Enterprise Software Marketers Confirm: Seven is a Sacred Number

Regulatory, Technology 21 Jul 2015

herdA German enterprise software concern recently published a white paper about financial market scandals, expressing its views as to how regulators can “get serious” about market surveillance. It’s worth looking seriously at these ideas (even if they were put forward, in essence, as advertising) for what they may say about how certain international winds are blowing.

It’s also somewhat amusing to see the way in which authors settle upon the number “seven” in order to make their points. The authors of this paper could easily have sliced and diced their case in different ways, and given us six bullet points, or the eight habits of highly effective compliance officers. Instead, they gave us seven, because seven is sacred.

Seven “pillars,” of course, allude to the autobiography of Lawrence of Arabia, The Seven Pillars of Wisdom. A quick googling of the phrase also reveals that there are “seven pillars of character,” “seven pillars of true education,” and even “seven pillars of life.”

Even Without Pillars

But even without pillars: the number is sacred. God rested on the seventh day of the first such week. A bit closer to the world of finance: Ancient Israel’s Jubilee, the forgiveness of debts, took place at the end of 49 years, seven cycles of seven.

Would you prefer your numerology with a touch of the business cycle? In Joseph’s interpretation of the Pharaoh’s dream (Genesis, chapter 41) the seven fat cows represent seven prosperous years to come, and the seven lean cows represent years of famine.

But the white paper brings this sacred number into the world of compliance software. It does so with reference to several recent scandals, starting with the issuance of fines for the manipulation of forex benchmark rates in November 2014. That month, three regulators – the U.S. CFTC, the UK’s Financial Conduct Authority, and Switzerland’s Financial Market Supervisory Authority – issued fines that totaled $4.3 billion against six global banks: Citibank; HSBC; JPMorgan; RBS; Bank of America; UBS. To retain their focus on the number seven, the white paper’s authors couldn’t help mention that Barclays was also under investigation.

As it broadens its focus, the paper acknowledges technological issues in the recent scandals (trading technology that “has progressed further than regulators could have imagined”) but keeps its emphasis is on the human factor: fat fingers, insiders, “rogues” doubling down on bad bets, etc.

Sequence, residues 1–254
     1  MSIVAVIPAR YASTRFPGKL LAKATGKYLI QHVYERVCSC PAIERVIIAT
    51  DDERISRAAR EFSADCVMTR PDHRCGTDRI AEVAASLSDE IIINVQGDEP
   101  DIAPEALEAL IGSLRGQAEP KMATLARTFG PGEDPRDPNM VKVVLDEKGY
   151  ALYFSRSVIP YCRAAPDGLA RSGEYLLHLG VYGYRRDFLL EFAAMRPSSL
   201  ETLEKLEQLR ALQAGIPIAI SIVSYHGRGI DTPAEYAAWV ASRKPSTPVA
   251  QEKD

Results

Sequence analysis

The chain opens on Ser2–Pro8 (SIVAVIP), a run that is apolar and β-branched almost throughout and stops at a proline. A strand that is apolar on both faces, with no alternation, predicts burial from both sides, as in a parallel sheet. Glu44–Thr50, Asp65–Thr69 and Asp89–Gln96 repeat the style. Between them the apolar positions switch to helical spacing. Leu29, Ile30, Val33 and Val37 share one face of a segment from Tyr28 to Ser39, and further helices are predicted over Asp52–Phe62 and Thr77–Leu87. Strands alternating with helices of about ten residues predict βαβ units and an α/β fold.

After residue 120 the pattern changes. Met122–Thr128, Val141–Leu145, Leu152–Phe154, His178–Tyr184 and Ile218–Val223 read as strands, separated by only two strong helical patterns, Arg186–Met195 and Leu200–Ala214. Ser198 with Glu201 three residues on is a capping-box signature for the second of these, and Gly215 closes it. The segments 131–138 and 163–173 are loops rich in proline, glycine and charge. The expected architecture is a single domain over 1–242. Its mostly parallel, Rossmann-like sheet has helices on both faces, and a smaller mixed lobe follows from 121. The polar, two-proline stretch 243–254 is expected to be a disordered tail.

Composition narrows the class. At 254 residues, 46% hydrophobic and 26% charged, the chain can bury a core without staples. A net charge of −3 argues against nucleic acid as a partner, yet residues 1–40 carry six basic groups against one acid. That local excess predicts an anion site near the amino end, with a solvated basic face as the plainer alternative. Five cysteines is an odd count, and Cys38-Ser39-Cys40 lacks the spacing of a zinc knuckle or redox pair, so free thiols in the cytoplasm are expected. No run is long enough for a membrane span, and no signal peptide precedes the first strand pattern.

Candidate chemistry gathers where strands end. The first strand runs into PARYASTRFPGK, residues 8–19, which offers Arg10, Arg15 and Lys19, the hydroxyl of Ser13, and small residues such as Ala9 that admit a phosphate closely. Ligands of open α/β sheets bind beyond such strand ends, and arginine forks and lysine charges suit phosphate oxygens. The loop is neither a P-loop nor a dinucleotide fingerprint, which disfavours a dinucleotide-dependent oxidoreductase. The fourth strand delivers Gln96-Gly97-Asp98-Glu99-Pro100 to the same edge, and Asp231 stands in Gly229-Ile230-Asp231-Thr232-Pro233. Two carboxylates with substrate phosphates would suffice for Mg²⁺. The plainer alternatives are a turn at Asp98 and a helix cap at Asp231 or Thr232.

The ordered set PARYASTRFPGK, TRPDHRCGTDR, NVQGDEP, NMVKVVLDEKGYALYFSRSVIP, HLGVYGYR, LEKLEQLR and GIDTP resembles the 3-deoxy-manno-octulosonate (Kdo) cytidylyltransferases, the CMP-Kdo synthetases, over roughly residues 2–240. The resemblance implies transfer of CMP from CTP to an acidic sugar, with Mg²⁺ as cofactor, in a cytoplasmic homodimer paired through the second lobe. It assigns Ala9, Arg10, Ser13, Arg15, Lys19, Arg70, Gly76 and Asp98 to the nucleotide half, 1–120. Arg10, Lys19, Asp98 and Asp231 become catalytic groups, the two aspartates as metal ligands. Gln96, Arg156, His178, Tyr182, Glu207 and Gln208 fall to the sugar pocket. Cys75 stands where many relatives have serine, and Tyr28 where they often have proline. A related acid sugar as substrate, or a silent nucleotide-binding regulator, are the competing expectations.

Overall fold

Further, the software company reaches the conclusion that what supervisory authorities, the public ones and their private compliance office counterparts, both need is a crystal ball, a way of reading the early signs before a headline crisis.

So, here are those seven pillars

This is the system that needs “seven pillars.” They are as follows:

  • A convergent threat system, that is, the integration of previously siloed systems, so that operational risk, market risk. Trader profiling are all integrated;
  • An identification of anomalous behaviors through a combination of “historical, real-time, and predictive analysis….”
  • Support for fast big data;
  • Monitoring that crosses asset classes. For example, in the period 2007-12, “the price of oil was highly correlated to the stock market,” so if something spooked the one market it spooked the other.
  • Monitoring that crosses regional boundaries. This is necessary, especially, to control for regulatory arbitrage, “which can create confusion and opportunities for error.”
  • Alerts for unusual trader behavior. For example, if “a trader converses via instant messaging with a trader she doesn’t usually speak to, and this is followed by trading an unusually large trade in a stock she doesn’t usually trade, and it comes just before a market moving news event that raises the value by 35 percent, you [a supervisory or compliance official] would want to see” such an alert. [This sounds a lot like pillar #2, but, as noted, some gerrymandering to get to seven is expected on such lists.]
  • Finally, the software must account for the dynamic evolution of rules. As the unknowns become knowns, new unknowns will surely develop at their frontiers, so no surveillance system can allow itself to become a shrink wrapped app.

 

 

 

 

 

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